Reporter's notebook: Leadership conference

HERSHEY, Pa. -- The Eastern Pennsylvania town that is home to the Hershey chocolate dynasty and bills itself as the "Sweetest Place on Earth" rolled out the red carpet this week for the Executive Leadership Conference.

The nearly 800 delegates spent three days discussing "IT and Business Results: The New Reality" and munching plenty of candy bars. But perhaps the piece de resistance was the three-tiered liquid chocolate fountain in the Chocolate Ballroom where attendees retired for dessert Oct. 25. Using tiny sticks, they could pierce marshmallows, cake, fruit and even pretzel sticks to dip into the molten chocolate.

But that was not the only activity on tap during a three-day conference sponsored by the American Council for Technology (ACT) and the Industry Advisory Council (IAC).


Chris Matthews, the host of NBC's "Hardball," analyzed the election season for the attendees. He said the public will pick their issue: taxes, Iraq or gay marriages. But he predicted a clean victory for Bush by the morning of Nov. 3.

Nevertheless, Matthews said this election season has changed politics forever. "The blogging thing is changing politics overnight," he said. "Now [Matt] Drudge has become the New York Times."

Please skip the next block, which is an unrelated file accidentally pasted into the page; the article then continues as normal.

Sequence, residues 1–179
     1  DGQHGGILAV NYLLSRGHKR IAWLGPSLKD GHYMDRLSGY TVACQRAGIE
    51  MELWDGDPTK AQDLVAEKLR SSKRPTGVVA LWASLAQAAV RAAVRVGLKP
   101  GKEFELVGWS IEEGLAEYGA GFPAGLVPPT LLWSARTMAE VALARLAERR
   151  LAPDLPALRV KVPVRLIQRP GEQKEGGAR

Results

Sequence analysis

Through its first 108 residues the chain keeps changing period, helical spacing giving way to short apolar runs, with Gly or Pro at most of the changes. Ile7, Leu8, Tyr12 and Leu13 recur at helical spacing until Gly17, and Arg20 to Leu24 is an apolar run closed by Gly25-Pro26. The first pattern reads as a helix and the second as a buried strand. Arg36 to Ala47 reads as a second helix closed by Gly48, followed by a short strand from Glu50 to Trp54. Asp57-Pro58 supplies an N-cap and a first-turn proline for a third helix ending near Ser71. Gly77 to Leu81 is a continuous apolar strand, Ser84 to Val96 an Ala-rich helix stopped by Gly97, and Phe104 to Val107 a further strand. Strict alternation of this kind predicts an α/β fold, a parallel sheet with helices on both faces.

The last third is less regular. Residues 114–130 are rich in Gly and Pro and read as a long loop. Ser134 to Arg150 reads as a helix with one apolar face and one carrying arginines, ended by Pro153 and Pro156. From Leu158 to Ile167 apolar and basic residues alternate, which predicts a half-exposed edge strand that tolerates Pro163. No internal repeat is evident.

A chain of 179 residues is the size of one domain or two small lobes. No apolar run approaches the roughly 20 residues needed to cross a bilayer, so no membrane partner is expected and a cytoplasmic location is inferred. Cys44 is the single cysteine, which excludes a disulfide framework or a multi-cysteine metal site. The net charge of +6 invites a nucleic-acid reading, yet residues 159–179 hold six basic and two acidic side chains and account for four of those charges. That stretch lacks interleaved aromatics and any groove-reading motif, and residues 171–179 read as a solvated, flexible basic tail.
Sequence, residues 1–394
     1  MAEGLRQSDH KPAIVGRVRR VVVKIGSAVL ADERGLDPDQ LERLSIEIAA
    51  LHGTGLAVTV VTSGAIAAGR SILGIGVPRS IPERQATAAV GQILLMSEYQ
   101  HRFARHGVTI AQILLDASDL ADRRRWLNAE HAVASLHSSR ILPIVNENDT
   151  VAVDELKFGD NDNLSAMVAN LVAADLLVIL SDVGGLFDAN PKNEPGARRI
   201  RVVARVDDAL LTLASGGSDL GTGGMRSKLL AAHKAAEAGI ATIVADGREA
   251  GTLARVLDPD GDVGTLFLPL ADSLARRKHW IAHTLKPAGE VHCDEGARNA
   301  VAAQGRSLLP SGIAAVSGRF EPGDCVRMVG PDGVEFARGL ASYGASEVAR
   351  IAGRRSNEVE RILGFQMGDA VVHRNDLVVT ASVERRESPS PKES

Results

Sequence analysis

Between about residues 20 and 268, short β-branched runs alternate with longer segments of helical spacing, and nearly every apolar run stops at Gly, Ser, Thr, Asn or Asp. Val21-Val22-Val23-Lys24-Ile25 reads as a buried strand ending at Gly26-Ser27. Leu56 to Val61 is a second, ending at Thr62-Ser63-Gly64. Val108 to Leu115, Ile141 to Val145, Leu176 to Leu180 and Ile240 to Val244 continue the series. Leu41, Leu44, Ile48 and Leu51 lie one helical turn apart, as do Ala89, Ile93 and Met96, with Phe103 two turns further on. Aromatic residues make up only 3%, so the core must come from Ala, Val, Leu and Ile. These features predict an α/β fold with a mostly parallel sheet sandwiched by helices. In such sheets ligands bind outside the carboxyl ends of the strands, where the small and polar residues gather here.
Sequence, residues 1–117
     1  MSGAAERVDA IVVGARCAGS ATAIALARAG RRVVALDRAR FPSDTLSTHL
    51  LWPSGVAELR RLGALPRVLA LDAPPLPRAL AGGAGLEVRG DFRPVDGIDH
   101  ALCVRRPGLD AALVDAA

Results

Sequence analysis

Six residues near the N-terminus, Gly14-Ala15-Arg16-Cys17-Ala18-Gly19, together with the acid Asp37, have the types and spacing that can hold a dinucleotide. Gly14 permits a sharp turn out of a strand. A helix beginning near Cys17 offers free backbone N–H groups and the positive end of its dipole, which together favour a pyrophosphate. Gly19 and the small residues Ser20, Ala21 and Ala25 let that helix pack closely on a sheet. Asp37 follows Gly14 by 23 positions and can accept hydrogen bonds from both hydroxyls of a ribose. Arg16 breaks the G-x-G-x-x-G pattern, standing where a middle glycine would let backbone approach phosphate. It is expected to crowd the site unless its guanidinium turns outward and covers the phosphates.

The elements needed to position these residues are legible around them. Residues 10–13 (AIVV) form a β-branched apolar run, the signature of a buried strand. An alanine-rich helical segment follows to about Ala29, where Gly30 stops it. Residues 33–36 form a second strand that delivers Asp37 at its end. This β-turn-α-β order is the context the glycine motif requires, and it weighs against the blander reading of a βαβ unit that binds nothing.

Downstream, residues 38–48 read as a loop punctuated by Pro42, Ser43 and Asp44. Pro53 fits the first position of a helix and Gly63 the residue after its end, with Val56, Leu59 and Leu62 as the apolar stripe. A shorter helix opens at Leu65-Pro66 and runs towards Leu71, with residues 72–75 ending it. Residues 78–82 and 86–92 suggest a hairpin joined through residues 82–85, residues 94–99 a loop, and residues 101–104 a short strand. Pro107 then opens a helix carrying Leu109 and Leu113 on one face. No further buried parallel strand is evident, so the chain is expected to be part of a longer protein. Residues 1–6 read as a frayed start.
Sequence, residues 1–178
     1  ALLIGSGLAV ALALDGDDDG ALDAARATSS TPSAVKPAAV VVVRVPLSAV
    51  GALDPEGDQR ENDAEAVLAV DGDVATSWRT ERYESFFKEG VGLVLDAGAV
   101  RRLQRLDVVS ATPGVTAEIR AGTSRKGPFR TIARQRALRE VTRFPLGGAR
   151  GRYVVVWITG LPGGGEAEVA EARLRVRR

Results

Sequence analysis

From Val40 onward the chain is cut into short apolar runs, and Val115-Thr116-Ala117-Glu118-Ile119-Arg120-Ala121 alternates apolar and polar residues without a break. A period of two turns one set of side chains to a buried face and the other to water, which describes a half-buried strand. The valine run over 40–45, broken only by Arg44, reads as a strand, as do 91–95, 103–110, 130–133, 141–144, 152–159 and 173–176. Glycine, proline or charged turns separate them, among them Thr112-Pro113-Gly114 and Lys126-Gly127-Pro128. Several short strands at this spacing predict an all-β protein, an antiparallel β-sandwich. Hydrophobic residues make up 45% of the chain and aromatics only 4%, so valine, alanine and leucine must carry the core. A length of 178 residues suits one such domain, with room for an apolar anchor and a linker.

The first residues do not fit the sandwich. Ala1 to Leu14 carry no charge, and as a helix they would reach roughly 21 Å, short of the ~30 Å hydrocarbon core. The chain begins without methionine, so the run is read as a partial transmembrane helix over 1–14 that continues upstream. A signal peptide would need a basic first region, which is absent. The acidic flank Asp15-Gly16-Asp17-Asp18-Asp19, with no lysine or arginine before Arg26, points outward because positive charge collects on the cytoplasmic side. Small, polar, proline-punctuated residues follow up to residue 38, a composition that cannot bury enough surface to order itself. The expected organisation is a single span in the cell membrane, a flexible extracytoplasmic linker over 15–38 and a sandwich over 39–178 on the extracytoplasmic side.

Former Defense Secretary Bill Cohen turned the talk from politics to terrorism when he addressed the conference.

"The 9-11 Commission report said we're safer, but we're not safe by any stretch of the imagination," he said. "We still have people who have access to technology that can bring us back to the Stone Age."

Now an international consultant, Cohen, the Defense secretary in the Clinton administration and a Republican senator from Maine for 18 years, declined to say whom he would support for president on Election Day.

Nevertheless, whoever wins must reduce the worldwide nuclear arsenal because "deterrence doesn't work against terrorists," he said.

"It will not be the military who will win this war against terrorism," Cohen said.

Terrorism, he said, will be defeated by governments such as the United States that protect their cities and people, make weapons of mass destruction unavailable and share information about terrorist activities with other nations.

"We have to have an easier sharing of information just in our own country," he said. "But then, we have to have sharing to other countries."

Until that time, he said, "no one is safe anymore. You can't go on a vacation to Bali. You can't go to Madrid and take a train ride."

Improving government

The talk turned to government itself when actor and comedian Ben Stein led a panel discussion on improving government.

If the Social Security Administration and the Internal Revenue Service can check the authenticity of Social Security numbers, why can't the Transportation Security Administration do the same for air travelers, he asked.

No easy answer to that one, said Karen Evans, administrator for e-government and information technology at the Office of Management and Budget, and James Lockhart, SSA's deputy commissioner.

"There are privacy laws, and they are very important," Lockhart said, adding, "we share a lot of data with the Homeland Security Department, and they with us."


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